There is nothing spectacular about Jordan as a country. The capital city of Amaan is modern but nothing life altering. It is not a particularly cheap place to shop, nor did I find the people to be as warm or as welcoming as the neighboring Palestinians. There are however two significant reasons to visit Jordan. The first being, that it shares a 'friendly' border with Israel and is therefore a necessary stop en route to Palestine and secondly to visit one of the "40 places to see before you die", as chosen by the BBC. Petra - "A Rose red city half as old as time"
People of my generation may remember it famously as the location for scenes in Indiana Jones - The Last Crusade. Younger readers (who managed to stay awake long enough) would have seen it recently in Transformers 2 - Revenge of the Fallen. Pictures are worth a thousand words (which means I get to write significantly less in this blog) but they do not begin to compare to the experience of actually visiting this world heritage site.
To enter the city of Petra today, you have to approach from the East. It takes you down an impressive long, sometimes very narrow gorge, known as The Siq (The Shaft). Be warned. This is not a short walk and is considerably more difficult on the return journey, so visitors to Petra are advised to dress for a comfortable hike. Walking down the Siq, one gets the distinct impression that the mountain has majestically parted to allow visitors access to this site. The truth, however, is that the area is prone to flash floods and the walkway was caused due to water erosion.
|Walking down "The Siq" towards the city of Petra|
There are donkeys that may be used to ferry people up and down but I consider this to be an unthinkable mode of transport for all who are able. The reason for this is apparent in the video below of our entry into the city. Who would want to approach a monument such as this, galloping on a donkey!
A quick background to this city. Petra is believed to have been constructed around the 6th century BC and was the capital city of the Nabataeans. This city controlled the commercial routes around the Middle east during the second century BC. Excavations have revealed that it was the ability of the Nabataeans to control the water supply that led to this artificial oasis. They used a combination of dams, cisterns and aquaducts to control regional floods and store water for use throughout the year. Being in control of the regional commercial trade routes at the time, it comes as no surprise that the most famous and elaborate building in Petra is the treasury, "Al Khazneh".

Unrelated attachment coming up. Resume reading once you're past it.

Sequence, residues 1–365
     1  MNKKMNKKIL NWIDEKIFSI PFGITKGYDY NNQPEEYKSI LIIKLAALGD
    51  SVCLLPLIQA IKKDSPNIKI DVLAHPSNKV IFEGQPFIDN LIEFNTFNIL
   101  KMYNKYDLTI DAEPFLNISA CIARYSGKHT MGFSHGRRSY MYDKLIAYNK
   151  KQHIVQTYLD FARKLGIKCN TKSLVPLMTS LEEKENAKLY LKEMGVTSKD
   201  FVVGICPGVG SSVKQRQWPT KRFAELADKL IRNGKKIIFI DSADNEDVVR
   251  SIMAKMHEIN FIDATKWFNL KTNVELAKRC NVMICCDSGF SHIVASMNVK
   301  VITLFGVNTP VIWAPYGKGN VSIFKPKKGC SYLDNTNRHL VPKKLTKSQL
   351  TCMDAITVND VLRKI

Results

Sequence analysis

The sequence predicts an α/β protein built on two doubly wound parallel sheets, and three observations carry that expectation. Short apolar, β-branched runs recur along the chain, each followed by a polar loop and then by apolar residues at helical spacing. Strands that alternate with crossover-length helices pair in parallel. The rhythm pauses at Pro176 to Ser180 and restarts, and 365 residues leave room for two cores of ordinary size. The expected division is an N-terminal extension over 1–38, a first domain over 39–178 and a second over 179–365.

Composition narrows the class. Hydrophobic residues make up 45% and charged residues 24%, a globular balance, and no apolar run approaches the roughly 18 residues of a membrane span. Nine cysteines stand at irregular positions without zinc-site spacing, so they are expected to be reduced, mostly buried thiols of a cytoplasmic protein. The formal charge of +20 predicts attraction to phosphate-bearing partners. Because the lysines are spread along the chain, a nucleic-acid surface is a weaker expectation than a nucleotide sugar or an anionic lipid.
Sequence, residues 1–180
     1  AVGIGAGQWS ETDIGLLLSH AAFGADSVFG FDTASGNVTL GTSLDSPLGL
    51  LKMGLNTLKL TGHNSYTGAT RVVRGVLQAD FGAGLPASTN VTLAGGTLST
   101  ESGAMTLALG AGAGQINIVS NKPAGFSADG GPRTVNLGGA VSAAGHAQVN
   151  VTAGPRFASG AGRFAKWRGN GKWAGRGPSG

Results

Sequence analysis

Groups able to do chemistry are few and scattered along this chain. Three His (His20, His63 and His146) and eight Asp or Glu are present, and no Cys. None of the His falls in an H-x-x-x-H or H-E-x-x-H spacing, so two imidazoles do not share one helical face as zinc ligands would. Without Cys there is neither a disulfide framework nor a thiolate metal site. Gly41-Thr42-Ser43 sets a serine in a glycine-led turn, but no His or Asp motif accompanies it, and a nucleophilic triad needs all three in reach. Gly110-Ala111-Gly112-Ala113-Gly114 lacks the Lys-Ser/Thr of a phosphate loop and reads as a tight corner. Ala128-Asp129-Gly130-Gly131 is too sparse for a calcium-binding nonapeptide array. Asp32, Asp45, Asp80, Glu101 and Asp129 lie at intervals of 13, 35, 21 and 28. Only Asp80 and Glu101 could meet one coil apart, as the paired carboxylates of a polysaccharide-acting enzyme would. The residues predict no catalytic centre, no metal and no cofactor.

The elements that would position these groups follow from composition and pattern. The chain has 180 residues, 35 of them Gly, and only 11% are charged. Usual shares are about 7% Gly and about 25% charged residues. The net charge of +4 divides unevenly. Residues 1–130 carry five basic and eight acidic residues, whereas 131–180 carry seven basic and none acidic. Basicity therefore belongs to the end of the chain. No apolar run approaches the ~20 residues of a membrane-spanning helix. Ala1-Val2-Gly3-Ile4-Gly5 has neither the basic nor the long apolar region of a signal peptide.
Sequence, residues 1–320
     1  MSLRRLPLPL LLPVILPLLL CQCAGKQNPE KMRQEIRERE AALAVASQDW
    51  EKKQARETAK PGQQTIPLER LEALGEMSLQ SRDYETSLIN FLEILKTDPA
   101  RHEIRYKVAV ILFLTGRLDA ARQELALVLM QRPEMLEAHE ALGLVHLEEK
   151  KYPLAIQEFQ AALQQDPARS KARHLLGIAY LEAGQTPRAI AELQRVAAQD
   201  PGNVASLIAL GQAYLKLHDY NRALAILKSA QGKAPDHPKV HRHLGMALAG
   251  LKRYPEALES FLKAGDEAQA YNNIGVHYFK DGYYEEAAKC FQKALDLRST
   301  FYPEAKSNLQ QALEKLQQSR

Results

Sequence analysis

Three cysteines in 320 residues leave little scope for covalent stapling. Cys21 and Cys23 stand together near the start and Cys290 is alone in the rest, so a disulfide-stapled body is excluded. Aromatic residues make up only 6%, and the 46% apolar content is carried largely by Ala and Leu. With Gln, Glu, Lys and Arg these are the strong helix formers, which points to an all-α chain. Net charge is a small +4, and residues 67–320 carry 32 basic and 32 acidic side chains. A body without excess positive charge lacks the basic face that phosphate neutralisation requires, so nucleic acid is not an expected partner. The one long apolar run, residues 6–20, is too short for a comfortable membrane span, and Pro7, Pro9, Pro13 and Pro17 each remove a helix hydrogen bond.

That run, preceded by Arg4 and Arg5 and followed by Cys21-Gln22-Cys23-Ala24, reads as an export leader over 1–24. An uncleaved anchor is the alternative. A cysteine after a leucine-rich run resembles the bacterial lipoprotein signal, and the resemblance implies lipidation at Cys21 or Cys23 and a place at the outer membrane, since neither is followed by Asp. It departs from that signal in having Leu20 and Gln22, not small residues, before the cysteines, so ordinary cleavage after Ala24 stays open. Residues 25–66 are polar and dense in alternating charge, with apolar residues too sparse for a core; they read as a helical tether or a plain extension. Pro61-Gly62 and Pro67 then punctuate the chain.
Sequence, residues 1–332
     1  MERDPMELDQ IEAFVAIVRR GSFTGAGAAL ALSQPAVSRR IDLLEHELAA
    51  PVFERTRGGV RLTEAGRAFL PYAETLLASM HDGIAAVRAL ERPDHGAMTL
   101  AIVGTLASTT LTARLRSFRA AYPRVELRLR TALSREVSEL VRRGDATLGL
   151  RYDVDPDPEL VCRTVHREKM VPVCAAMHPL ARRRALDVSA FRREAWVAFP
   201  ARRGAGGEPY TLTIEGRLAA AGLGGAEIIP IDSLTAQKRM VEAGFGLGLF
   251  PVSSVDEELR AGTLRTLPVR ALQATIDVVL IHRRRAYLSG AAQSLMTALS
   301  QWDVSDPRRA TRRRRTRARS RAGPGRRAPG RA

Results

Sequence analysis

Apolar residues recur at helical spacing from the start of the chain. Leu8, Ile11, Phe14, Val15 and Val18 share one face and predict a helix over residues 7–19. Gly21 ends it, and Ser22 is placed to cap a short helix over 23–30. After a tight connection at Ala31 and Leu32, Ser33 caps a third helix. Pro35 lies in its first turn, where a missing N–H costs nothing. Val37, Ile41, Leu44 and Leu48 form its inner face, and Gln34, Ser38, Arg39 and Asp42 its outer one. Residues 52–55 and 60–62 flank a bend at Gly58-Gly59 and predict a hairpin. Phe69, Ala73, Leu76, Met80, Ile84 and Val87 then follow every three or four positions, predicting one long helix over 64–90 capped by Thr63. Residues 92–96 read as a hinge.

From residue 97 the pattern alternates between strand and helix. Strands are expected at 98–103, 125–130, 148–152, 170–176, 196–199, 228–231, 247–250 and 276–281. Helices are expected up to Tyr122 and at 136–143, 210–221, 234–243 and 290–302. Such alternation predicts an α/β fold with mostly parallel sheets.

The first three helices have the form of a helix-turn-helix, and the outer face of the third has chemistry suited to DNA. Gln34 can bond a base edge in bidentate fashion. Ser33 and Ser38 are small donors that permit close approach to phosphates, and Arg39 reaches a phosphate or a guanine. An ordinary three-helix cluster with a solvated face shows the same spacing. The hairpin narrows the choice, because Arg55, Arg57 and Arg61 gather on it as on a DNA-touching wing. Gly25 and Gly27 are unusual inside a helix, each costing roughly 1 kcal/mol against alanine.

|The Treasury of Petra - Al Khazneh|
I have to admit that it took some time for me to move from this building. It was not just it's sheer size or beauty that capivated my imagination, but how well it has stood the test of time. Do you think modern structures like the Empire State Building or Big Ben is still going to be around in the year 6000 AD?
|Close up of the Rock Sculptures of the Treasury in Petra|
You eventually start to explore the rest of the city, and it is only then that you remember that it is a city! I could not find an easy way to depict via photography how vast this city is. It is as if you are walking down a city street and there are buildings on either side of the road, some simple cut outs that lead into caves. Others are more elaborate and signify a greater purpose in city life.
|The Amphitheater of Petra - Even desert people need a show every other weekend!|
From this point on, regardless of all the Indiana Jones merchandise you saw en route to Petra, all I could think about was the city of Minas Tirith from the Lord of the Rings and to some extent the fortress of Helm's Deep. This could be because I loved the movies or... you be the judge.
|Can you see the people?|
By now, you are possible thinking that I should have wore my cap the right way around becasue there are obvious signs of heat exhaustion. Where is this city? You have only seen pictures, of impressive, yet singular structures. In the next few pictures I will try and show you more of the city but in my defence, I was a bit starstruck and getting the perfect picture was not high on my priority list at the time. You just have to be there, and having the imagination of a 12 year old would help considerably.
|The Nabataeans obviously preferred Coke to Pepsi|
|Admittedly the tombs started looking similar after a while|
As can be seen in some of these pictures, the site is still under excavation. It was famously revealed that another chamber was discovered below the treasury but I doubt anything of value will be found because looters probably discovered it first. Even the Pyramids at Giza did not impress me as much as the City of Petra and I hope that I have shown you enough to make you want to visit for yourself. Luckily in this tour you can now just close the window. We had to walk back up the long narrow shaft in quite a hurry to ensure that we did not miss the tour bus!